Primary data of Vasyugan and Aleksandrovo dialects of Eastern Khanty
The project is sponsored by an ELDP grant and pursues field documentation of language data and meta information from two related and geographically adjacent endangered dialects of the Eastern Khanty language, in the Tomsk region of Russia: Vasyugan and Alexandrovo. The total number of speakers is less than 100. Multimedia data has been recorded and archived in unified, conventional and accessible formats, resulting in a lexical database, corpus and preliminary data description. The team of linguists, experienced in the area and having a working knowledge of the language, conducted field visits to the Vasyugan and Alexandrovo Khanty communities, and documented the dialects in their natural functional environment.
Khanty (a.k.a. Ostjak) forms, together with Mansi, the Ob'-Ugric subgroup of the Finno-Ugric branch of the Uralic language family. Khanty is a group of dialect clusters or languages: Western and Eastern. The dialects of interest in this study are a continuum of related river varieties of Eastern Khanty: Vasyugan and Alexandrovo. These are particularly interesting as they represent reportedly more archaic and rich language systems in terms of morphosyntax. The total number of speakers of these diverse, linguistically prominent and extremely under-documented varieties is rapidly decreasing, principally placing these dialects in the group of languages in danger of extinction within a single generation. Eastern Khanty dialects demonstrate numerous features that attract considerable typological and sociolinguistic interest.
The activities of the project focused on obtaining language data and metalinguistic information in a natural functional environment, archiving the data and representing it in accessible formats. The acquired language data underwent preliminary processing, narrative discourse has been interlinearized and parsed, forming the Eastern Khanty corpus, to be used as a tool for educational and academic purposes. One of the outcomes of the project is also the tri-lingual Khanty–Russian-English dictionary in ToolBox format. The data has also been made available on CD/DVD-media and on the web. Members of the Eastern Khanty communities have received printed copies of selected texts, the dictionary, as well as audio and video materials.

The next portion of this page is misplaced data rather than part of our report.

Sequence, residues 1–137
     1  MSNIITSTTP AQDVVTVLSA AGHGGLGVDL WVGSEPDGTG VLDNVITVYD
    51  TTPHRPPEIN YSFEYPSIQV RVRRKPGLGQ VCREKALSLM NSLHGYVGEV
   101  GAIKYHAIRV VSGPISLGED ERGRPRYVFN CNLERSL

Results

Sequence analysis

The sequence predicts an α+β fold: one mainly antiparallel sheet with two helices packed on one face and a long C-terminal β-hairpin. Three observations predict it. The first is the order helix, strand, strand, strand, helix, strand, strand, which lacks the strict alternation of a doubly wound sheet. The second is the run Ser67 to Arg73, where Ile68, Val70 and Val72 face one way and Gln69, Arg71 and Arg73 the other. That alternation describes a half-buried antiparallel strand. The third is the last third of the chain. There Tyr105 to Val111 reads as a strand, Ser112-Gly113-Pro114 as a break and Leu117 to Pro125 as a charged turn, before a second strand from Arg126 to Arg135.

The project’s broader impact comes from continued collaboration with representatives of the communities in language documentation and ethnographic research. To cater for community ownership and accessibility of the outcomes of the project, the archived audio/video documents will be accessible to the community representatives as well as to NGO’s, official agencies, media and academics active in the area.
Group represented Tomsk region Vasyugan river communities, Tomsk region Aleksandrovo Ob communities
Language information Eastern Khanty (a.k.a. Hanti, Ostyak, Ostjak)
This deposit records the speech of what may be the last fully proficient speakers of Vasyugan and Aleksandrovo Khanty.